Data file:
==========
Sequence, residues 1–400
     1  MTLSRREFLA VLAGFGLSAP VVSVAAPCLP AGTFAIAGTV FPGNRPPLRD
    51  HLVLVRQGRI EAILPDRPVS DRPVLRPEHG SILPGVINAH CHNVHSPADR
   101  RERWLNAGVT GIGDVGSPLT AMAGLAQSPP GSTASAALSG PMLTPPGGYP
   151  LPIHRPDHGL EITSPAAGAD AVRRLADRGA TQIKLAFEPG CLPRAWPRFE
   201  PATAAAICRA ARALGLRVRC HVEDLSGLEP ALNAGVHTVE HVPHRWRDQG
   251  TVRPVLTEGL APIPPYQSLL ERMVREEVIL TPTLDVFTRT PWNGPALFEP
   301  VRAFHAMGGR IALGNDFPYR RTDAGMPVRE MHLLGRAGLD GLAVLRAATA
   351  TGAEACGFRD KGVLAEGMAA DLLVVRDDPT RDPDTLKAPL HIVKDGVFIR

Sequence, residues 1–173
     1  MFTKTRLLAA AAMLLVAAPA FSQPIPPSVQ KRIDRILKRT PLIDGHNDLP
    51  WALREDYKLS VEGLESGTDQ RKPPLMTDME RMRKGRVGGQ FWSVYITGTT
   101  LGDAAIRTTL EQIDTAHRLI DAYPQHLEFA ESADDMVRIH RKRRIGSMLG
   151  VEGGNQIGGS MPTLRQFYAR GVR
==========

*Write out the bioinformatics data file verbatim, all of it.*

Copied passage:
Sequence, residues 1–400
     1  MTLSRREFLA VLAGFGLSAP VVSVAAPCLP AGTFAIAGTV FPGNRPPLRD
    51  HLVLVRQGRI EAILPDRPVS DRPVLRPEHG SILPGVINAH CHNVHSPADR
   101  RERWLNAGVT GIGDVGSPLT AMAGLAQSPP GSTASAALSG PMLTPPGGYP
   151  LPIHRPDHGL EITSPAAGAD AVRRLADRGA TQIKLAFEPG CLPRAWPRFE
   201  PATAAAICRA ARALGLRVRC HVEDLSGLEP ALNAGVHTVE HVPHRWRDQG
   251  TVRPVLTEGL APIPPYQSLL ERMVREEVIL TPTLDVFTRT PWNGPALFEP
   301  VRAFHAMGGR IALGNDFPYR RTDAGMPVRE MHLLGRAGLD GLAVLRAATA
   351  TGAEACGFRD KGVLAEGMAA DLLVVRDDPT RDPDTLKAPL HIVKDGVFIR

Sequence, residues 1–173
     1  MFTKTRLLAA AAMLLVAAPA FSQPIPPSVQ KRIDRILKRT PLIDGHNDLP
    51  WALREDYKLS VEGLESGTDQ RKPPLMTDME RMRKGRVGGQ FWSVYITGTT
   101  LGDAAIRTTL EQIDTAHRLI DAYPQHLEFA ESADDMVRIH RKRRIGSMLG
   151  VEGGNQIGGS MPTLRQFYAR GVR